Signs of the Times

[Lord Dunsany, as quoted in Great Thoughts, London, England]

If the million are reading and speaking slipshod English while only the thinkers write purely, a gap is widening between ordinary men and those who, on the mountain tops of thought, can see a little more clearly through the mists that lie around man's destiny, and would tell the rest if only the rest could hear. If the poets come to appear pedantic and precious, the poets will be derided; and that they have always been, and know how to bear it; but the people will be cut off from their message, and will not be the better for that. Or else the poets will write in the new jargon; but the trouble, then, is that it is incapable of carrying so much of their thought as was the English of Milton. Those who so champion modernism that they would support the prevalent trend of our language today, merely because it is of today, will surely hold that our day is a great day and has something to tell to others. We can read without difficulty what the Elizabethans had to tell us. Will the people of three or four hundred years hence, if our language continues upon its downward slope, be able to make head or tail of what we thought or cared about?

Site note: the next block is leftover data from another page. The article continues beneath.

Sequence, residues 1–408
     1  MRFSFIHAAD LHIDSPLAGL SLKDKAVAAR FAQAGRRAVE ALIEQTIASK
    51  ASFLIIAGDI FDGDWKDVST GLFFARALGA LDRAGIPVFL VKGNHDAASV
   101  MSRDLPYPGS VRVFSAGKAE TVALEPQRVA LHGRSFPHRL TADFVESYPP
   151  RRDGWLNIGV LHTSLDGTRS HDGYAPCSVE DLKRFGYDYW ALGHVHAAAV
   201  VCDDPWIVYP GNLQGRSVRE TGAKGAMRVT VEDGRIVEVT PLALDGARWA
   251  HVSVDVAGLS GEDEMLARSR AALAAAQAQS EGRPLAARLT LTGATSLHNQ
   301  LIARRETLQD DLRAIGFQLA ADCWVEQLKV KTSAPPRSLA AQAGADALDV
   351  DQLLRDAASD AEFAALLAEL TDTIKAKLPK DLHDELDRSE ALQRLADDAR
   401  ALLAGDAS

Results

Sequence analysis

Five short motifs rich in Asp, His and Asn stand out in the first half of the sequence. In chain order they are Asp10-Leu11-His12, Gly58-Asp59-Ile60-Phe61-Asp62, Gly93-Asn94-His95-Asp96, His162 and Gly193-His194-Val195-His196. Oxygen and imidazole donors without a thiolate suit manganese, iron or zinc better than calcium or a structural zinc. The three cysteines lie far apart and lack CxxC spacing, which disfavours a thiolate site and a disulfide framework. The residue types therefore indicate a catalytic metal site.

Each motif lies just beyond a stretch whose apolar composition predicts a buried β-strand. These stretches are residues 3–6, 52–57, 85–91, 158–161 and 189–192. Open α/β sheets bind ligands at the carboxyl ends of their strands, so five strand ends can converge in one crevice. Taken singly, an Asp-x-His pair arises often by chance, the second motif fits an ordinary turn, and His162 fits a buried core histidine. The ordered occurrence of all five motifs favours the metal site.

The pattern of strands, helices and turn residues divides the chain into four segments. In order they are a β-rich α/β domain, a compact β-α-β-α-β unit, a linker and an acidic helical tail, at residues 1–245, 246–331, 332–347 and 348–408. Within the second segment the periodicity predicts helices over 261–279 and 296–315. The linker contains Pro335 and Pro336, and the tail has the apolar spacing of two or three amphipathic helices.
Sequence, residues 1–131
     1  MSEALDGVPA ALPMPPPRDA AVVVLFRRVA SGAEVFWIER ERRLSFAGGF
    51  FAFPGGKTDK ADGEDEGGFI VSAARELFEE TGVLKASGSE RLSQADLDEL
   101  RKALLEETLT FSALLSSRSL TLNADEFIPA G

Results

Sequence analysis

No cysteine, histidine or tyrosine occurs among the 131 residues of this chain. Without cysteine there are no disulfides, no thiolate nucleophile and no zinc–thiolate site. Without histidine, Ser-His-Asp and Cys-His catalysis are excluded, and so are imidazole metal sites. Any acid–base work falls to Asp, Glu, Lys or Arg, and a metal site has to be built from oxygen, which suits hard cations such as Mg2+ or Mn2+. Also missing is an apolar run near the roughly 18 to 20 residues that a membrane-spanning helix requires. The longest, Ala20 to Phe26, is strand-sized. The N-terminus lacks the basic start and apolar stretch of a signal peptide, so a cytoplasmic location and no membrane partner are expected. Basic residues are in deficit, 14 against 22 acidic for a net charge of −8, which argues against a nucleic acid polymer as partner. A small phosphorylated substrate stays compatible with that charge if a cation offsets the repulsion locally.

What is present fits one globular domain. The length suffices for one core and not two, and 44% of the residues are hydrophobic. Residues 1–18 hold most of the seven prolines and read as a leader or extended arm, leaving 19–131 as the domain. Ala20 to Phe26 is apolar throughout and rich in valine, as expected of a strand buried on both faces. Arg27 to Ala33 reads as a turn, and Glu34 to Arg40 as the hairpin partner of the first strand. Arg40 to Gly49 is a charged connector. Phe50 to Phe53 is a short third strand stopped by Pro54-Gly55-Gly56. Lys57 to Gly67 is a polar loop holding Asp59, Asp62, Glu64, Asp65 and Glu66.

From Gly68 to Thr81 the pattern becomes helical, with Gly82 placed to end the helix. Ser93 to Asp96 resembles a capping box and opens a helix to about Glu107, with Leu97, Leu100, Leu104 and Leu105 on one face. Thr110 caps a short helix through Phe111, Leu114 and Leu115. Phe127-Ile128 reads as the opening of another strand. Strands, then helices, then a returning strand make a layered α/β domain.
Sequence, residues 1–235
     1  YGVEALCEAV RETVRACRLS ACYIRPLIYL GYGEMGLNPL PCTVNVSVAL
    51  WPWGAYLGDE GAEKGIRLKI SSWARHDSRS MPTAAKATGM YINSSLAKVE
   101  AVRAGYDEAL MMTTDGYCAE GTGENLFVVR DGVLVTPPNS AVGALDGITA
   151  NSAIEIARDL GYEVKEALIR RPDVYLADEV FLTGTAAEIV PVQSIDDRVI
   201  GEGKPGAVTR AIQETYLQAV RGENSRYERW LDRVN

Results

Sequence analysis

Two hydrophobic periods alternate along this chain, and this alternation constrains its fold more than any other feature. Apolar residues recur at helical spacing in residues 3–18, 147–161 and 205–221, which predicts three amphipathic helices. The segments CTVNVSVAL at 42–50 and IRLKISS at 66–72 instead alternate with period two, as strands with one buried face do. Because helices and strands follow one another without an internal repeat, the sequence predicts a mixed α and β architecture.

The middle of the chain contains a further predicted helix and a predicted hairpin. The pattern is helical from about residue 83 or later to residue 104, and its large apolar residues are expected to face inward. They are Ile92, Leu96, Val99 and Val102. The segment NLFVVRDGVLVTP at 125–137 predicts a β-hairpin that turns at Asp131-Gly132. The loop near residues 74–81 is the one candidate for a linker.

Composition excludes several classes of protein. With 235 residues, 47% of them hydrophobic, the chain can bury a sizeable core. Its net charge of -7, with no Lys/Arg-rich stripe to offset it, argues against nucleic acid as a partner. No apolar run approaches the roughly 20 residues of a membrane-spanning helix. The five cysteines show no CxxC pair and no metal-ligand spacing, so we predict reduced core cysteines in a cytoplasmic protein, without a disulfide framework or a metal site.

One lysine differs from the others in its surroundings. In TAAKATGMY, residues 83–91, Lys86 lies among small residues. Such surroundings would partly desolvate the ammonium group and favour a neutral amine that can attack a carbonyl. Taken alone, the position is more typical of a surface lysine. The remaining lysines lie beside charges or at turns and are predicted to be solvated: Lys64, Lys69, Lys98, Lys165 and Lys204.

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July 1, 1933
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